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44
JULY-AUGUST 2013
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THE FOREIGN SERVICE JOURNAL
FEATURE
FS HERITAGE
LUCILE ATCHERSON CURTIS:
THE FIRST FEMALE
U.S. DIPLOMAT
In 1922, the frst female permitted to
take the Foreign Service exam passed
with the third-highest score that year.
But it was only the frst of many
hurdles she faced.
BY MOL LY M . WOOD
A
s late as 1924, State Department
ofcials charged with recruiting,
examining and evaluating appli-
cants to the U.S. Foreign Service
remained convinced that women
were “not ftted to discharge the
exacting and peculiar duties of a
Foreign Service ofcer.” While the
State Department had, for several
decades, employed women in clerical positions “with great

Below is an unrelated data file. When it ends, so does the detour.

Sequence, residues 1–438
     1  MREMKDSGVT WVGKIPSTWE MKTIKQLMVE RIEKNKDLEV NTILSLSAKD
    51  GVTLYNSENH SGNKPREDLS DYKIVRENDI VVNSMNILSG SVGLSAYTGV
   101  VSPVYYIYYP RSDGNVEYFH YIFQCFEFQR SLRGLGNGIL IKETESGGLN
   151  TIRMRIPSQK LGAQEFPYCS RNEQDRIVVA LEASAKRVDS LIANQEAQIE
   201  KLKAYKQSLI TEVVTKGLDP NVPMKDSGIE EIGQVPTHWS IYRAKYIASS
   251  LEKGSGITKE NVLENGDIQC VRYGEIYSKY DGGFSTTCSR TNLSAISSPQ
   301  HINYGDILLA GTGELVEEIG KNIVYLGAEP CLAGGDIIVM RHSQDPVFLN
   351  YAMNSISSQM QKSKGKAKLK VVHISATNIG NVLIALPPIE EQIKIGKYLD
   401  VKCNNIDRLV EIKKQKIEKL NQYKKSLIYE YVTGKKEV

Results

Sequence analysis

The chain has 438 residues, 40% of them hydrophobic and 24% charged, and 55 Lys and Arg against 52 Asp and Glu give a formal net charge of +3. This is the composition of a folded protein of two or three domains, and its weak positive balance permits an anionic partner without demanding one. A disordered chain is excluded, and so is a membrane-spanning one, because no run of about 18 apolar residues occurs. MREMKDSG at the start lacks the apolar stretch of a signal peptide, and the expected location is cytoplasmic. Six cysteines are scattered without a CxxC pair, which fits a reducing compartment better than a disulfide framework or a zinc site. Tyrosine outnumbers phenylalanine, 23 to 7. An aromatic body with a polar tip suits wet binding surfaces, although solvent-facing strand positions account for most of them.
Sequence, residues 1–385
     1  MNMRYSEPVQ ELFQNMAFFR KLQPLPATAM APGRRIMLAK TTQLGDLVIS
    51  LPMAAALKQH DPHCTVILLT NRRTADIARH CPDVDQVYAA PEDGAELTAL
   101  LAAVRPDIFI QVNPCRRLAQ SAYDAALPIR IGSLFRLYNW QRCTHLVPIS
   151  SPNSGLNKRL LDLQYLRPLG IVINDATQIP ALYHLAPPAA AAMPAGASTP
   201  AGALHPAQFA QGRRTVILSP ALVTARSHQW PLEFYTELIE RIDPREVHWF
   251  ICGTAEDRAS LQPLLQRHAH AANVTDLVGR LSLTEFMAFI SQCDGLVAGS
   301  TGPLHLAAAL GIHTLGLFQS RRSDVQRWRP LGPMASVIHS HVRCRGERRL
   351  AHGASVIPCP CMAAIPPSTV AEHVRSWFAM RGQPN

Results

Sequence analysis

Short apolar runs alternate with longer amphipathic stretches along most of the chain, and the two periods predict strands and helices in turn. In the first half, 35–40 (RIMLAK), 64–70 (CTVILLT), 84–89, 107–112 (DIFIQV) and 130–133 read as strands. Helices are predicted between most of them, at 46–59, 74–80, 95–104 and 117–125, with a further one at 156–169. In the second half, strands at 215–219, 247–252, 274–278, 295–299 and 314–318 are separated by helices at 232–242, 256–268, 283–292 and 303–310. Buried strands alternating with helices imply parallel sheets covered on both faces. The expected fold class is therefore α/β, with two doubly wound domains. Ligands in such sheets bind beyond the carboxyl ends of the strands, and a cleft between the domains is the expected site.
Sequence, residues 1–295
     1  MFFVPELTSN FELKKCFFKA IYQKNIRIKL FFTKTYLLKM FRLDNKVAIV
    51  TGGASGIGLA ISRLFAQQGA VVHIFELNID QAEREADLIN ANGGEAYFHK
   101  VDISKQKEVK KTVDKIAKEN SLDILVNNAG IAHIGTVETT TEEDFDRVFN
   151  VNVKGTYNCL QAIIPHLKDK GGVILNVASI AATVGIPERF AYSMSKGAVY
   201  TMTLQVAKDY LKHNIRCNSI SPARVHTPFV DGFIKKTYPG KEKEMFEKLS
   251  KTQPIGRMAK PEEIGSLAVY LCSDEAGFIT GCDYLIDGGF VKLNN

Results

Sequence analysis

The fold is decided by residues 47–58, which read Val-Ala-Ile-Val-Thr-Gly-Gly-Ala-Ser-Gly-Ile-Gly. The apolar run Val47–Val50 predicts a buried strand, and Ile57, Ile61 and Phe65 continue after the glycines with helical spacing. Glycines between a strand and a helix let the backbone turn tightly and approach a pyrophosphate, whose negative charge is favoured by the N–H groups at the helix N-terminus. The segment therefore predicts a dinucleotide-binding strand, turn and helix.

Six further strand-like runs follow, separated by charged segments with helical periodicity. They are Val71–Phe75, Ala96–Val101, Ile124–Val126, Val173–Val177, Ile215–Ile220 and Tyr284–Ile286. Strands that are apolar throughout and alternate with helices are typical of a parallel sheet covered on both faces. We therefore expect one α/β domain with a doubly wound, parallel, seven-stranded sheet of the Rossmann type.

success,” its leadership had nonetheless concluded that they
were unsuited for professional diplomatic or consular work.
After the passage of the 19th Amendment granting women
the right to vote in 1920, however, women’s groups began lob-
bying actively in Washington for greater access to government
positions. On a case-by-case basis, State Department ofcials
allowed a small number of women to take the Foreign Service
examination.
Lucile Atcherson was the frst to pass both the written and
oral exams. On Dec. 5, 1922, the U.S. Senate confrmed her
appointment, and she was assigned to the State Department’s
Latin American Division in Washington, D.C.
Early Life, Education and Woman Sufrage
Atcherson was born in Columbus, Ohio, on Oct. 11, 1894.
She attended the prestigious Columbus School for Girls and
fnished her course of study at the age of 14. One of the head-
mistresses at the Columbus School suggested that she attend